70

This question already has an answer here:

I am new to JavaScript and I was doing some practices on local and global variable scopes, following is my code(fiddle):

var myname = "initial"
function c(){
    alert(myname);
    var myname = "changed";
    alert(myname);
}
c();

when the first alert is called, it is showing myname as undefined. so my confusion is why I am not able to access a global instance of myname and if I don't define myname within the function then it will work fine.

marked as duplicate by Qantas 94 Heavy, nwellnhof, Toseef Khilji, Liam, Code Lღver Nov 1 '13 at 13:34

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  • 1
    if you do alert(window.myname); then you will get values – Just code Nov 1 '13 at 5:31
  • @dholakiyaankit I've tried using window.myname still it is saying undefined... – Bharat Soni Nov 1 '13 at 5:37
  • @BharatSoni window.myname works in my browser. – EmptyArsenal Nov 1 '13 at 5:42
  • It should work bharat – Just code Nov 1 '13 at 5:44
  • 1
    var myname = "initial" isn't a global variable. It can be accessed only from that current scope that javascript is. If you want to declare a global variable do it without the "var" keyword, and thar variable should be a property in the window object. – llouk May 22 '16 at 19:30
45

In Javascript, the variable declarations are automatically moved to the top of the function. So, the interpreter would make it look more like this:

var myname = "initial"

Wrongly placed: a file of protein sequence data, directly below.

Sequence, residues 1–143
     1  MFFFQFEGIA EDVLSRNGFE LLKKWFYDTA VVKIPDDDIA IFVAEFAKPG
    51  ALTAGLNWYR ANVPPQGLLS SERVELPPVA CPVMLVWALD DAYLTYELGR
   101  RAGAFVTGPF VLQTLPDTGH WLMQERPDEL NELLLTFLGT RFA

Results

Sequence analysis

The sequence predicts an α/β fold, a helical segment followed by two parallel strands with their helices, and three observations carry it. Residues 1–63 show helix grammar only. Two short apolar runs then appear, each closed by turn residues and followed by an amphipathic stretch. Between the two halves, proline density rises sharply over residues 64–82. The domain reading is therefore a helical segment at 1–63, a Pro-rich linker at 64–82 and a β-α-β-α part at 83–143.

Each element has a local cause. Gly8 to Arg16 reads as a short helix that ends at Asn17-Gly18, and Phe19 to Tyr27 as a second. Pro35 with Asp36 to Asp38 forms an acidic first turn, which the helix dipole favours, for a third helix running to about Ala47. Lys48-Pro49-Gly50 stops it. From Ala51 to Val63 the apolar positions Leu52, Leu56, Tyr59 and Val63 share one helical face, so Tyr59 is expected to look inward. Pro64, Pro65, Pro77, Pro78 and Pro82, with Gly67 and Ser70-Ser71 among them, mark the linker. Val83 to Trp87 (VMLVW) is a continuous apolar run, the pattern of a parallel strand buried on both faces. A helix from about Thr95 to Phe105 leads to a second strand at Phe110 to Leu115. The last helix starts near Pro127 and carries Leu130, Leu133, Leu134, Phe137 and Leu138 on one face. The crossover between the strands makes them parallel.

function c(){
    var myname;
    // alerts undefined
    alert(myname);
    myname = "changed";
    // alerts changed
    alert(myname);
}
c();

This is called 'hoisting'.

Due to hoisting and the fact that the scope for any variable is the function it's declared in, it's standard practice to list all variables at the top of a function to avoid this confusion.

  • that I've understood, so there is now way to access a global variable with same name as local variable.. ?? – Bharat Soni Nov 1 '13 at 5:34
  • 2
    You should be able to access it by doing window.myname. See here: stackoverflow.com/questions/15826751/… But global variables are not usually considered a good practice, and in most cases it'd be better to define a global object and access it through that. i.e. var me = { myname: "initial" } then call me.myname in the function. – EmptyArsenal Nov 1 '13 at 5:38
  • 1
    It is not correct to say that variables declaration are moved on top. For example if on line 10 it is written var myname = "initial", the result we see is not like var myname = "initial" on line 1, but actually we see the behavior as if var myname is on line 1 and on line 10 it is assigned value i.e. myname = "initial" – user2603796 Sep 9 '15 at 9:10
  • Also, note that using var myVariable outside a function does not automatically make it a global. Often declaring myVariable with nothing in front makes it a global (unless its already scoped/set earlier in the function), but its always better do use window. when doing so. Then again, just avoid globals in general where possible :P – redfox05 Feb 22 at 23:02
7

It is not replace the global variable. What is happening is called "variable hoisting". That is, var myname; gets inserted at the top of the function. Always initialize your variables before you use them - try this:

var myname = "initial";

function c() {
    alert(myname);
    myname = "changed";
    alert(myname);
}

c();

  • sir, I am not just trying to change the value.. what you are doing is changing the value of global variable itself.. I want to understand the concept "WHY" it is happening... – Bharat Soni Nov 1 '13 at 5:32
  • This fixes the problem of alerting undefined, but it eliminates any local variables as it's only using the global variable myname. – EmptyArsenal Nov 1 '13 at 5:32
  • It is not replace the global variable. What is happening is called "variable hoisting". That is, myname var myname; gets inserted at the top of the function. Always initialize your variables before you use them you can refer this stackoverflow.com/questions/11938961/… – Sridhar R Nov 1 '13 at 5:35

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